I think if Jesus were to walk our very streets in this day and age saying what he used to say when he began to preach, “Repent, for the kingdom of heaven is at hand”, he would be faced with the reply, “Repent? Repent of what?”.
While Jesus came to save people from their sins (Matthew 1:21), I wonder if he would find any sin today to save people from, not to say at all that people are without sin, but to say that sin is no longer regarded as sin but has become rather a right people fight for. And since Jesus didn’t come to call the righteous but sinners to repentance (Luke 5:32), what is therefore the need for a savior if there is no one to save?
I live today in a world where righteousness is reduced to simply being good, thus making everyone righteous by their own admission. I don’t think I’ve ever met anyone who hasn’t answered a blatant yes when asked “do you consider yourself to be a good person?”.
More so, of the things that Jesus said in Matthew 15:19 would defile a person (evil thoughts, murder, adultery, sexual immorality, theft, false witness, slander), at least half isn’t even considered wrong anymore because people have come to redefine every one of them as would seem fit. Evil thoughts are now synonymous with malevolent schemes instead of being simply any thought that goes against the will of God (Romans 12:2), murder is restricted to the physical act of killing another human being while in fact Jesus makes it very clear that anger or rash words against your brother is equivalent to killing him (Matthew 5:22), adultery is defined as having extramarital sexual relations while Jesus says even lusting in your heart after a woman is committing adultery (Matthew 5:28), sexual immorality is defined as “the evil ascribed to sexual acts that violate social conventions” thus reducing it to sexual relations outside the frame of consenting partners, like abuse and rape, while true sexual immorality encompasses any sexual relation outside the premise of a married couple, in other words, orgies, homosexual acts, incest (Leviticus 18).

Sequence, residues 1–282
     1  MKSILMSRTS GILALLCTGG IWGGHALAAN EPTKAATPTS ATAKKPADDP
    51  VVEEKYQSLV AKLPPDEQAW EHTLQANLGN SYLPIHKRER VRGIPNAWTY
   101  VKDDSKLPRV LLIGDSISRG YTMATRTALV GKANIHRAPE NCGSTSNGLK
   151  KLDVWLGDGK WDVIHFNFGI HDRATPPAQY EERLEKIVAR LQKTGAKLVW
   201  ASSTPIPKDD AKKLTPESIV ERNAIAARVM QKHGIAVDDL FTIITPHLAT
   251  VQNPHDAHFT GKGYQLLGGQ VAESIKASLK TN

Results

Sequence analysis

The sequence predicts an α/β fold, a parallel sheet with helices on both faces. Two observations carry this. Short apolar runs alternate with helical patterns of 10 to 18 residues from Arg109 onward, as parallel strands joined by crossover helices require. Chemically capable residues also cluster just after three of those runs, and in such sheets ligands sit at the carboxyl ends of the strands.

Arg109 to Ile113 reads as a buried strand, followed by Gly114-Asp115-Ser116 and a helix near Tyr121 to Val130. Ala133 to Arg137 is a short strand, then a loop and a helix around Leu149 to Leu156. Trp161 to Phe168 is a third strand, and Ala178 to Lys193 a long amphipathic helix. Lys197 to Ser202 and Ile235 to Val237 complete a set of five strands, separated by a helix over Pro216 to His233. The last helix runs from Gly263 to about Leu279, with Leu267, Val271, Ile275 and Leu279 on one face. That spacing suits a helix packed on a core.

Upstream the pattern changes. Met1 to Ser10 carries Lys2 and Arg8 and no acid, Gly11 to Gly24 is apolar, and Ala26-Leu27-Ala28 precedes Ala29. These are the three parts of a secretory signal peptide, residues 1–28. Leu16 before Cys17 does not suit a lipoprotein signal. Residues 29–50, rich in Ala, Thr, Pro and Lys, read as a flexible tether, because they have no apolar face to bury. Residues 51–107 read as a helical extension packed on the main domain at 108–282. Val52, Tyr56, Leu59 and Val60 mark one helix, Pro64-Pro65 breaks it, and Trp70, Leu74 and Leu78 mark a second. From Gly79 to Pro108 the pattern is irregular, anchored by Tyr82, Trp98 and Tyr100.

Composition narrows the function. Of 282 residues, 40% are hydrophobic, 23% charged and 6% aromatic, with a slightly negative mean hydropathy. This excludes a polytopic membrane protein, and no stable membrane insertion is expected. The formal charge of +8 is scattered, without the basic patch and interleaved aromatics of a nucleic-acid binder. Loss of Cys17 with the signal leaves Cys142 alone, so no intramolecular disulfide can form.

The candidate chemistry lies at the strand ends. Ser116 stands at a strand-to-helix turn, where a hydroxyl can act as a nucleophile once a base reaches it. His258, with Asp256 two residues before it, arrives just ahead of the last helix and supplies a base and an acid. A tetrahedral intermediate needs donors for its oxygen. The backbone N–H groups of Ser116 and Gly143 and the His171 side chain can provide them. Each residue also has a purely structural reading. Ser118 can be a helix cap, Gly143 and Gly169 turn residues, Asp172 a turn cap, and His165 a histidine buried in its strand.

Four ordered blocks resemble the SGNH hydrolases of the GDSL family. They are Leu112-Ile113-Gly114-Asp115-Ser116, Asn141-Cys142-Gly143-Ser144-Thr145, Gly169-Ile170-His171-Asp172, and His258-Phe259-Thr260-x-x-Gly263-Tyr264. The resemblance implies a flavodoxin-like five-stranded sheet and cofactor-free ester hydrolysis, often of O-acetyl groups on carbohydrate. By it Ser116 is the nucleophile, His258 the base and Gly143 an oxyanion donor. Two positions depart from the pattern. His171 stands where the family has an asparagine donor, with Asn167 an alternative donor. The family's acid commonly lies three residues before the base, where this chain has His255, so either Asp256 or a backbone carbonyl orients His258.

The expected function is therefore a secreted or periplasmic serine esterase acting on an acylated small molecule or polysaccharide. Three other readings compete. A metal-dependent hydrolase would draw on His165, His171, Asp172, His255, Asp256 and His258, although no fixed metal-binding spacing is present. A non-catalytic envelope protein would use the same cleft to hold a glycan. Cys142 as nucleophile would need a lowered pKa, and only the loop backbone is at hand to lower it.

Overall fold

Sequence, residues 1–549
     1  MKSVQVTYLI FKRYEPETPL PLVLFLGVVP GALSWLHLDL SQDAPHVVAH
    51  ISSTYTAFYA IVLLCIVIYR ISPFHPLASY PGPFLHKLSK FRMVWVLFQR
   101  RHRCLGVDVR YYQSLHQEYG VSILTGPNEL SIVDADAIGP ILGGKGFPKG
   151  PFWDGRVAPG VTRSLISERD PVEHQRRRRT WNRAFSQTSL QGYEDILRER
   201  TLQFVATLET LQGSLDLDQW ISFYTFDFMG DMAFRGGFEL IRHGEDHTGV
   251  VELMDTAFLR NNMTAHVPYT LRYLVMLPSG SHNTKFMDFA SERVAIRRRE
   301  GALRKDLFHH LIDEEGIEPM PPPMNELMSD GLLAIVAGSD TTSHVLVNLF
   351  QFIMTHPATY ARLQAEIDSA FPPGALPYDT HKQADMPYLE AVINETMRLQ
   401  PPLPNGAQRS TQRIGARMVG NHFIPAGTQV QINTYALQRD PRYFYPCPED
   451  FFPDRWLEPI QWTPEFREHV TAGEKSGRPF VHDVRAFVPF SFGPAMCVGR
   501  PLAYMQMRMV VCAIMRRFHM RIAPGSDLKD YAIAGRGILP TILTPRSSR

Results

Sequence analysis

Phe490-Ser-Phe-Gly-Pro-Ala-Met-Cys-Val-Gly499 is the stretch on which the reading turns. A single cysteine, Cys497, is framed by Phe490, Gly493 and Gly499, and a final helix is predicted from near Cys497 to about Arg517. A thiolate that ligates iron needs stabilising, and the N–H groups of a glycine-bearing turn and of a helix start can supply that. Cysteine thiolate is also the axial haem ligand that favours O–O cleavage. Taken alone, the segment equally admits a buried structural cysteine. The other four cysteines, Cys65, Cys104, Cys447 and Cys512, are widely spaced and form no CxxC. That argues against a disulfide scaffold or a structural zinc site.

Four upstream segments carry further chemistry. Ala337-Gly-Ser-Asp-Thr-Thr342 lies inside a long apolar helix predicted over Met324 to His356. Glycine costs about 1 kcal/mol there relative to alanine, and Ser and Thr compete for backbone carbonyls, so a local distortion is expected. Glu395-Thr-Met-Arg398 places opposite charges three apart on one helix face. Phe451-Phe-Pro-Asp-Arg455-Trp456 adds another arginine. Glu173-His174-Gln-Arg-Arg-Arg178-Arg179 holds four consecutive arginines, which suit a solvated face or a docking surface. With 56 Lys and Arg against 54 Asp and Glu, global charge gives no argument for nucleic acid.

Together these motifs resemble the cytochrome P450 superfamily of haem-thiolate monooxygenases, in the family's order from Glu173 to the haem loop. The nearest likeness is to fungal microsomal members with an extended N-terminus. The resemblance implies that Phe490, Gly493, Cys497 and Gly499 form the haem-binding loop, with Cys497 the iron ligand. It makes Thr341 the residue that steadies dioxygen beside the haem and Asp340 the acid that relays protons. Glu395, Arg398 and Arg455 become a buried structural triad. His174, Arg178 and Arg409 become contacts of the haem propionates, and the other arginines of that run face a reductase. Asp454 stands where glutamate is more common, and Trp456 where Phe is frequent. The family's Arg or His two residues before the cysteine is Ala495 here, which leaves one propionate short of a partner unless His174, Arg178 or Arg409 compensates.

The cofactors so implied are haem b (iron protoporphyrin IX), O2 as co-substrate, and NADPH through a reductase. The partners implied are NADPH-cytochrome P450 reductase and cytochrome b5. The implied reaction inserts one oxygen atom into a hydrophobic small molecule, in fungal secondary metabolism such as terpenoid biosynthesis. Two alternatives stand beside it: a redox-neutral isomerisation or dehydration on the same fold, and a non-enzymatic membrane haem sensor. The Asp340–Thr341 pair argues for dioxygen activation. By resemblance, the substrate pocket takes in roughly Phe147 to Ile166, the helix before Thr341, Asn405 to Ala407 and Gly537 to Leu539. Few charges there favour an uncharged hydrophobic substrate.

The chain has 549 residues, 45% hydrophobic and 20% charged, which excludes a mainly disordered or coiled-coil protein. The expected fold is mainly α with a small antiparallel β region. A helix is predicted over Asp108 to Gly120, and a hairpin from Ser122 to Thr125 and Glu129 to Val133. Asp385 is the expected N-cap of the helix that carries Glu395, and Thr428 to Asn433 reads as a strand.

Pondering this takes me to the following question:
What then will make people repent of their sins?
Before going up to heaven, Jesus promised to send the Holy Spirit to help the disciples saying of him: “You know him, for he dwells with you and will be in you.” (John 14:17). Then to describe the work of the Holy Spirit he said: “And when he comes, he will convict the world concerning sin and righteousness and judgment.” (John 16:8).
Now I am not a big fan of pointing out people’s sins and convicting them of doing them as I believe this is the Holy Spirit’s job and not ours and any attempt to do so will be discarded by the other end as an act of judgment to which the reply will most probably be: “Who are you to be judging me? Only God can judge me”. This method has proved to be in most times ending in failure and Paul even proves so by saying: “For what have I to do with judging outsiders? Is it not those inside the church whom you are to judge? God judges those outside.” (1 Corinthians 5:12-13a).
However, I also believe that we are the body of Christ on earth and if the Holy Spirit is to do any work here it will be mostly through us, since he dwells in us. So this leaves us with the responsibility to set a standard that will standout as a light in the midst of a crooked and twisted generation (Philippians 2:15) and unless we do so, people will not feel the need to repent of their sins or even admit their sinfulness since they’re not seeing anything better being offered on the table. Again, if Jesus is to save people, they must feel the need to be saved by seeing that there is another way which is far better than their sinful ways.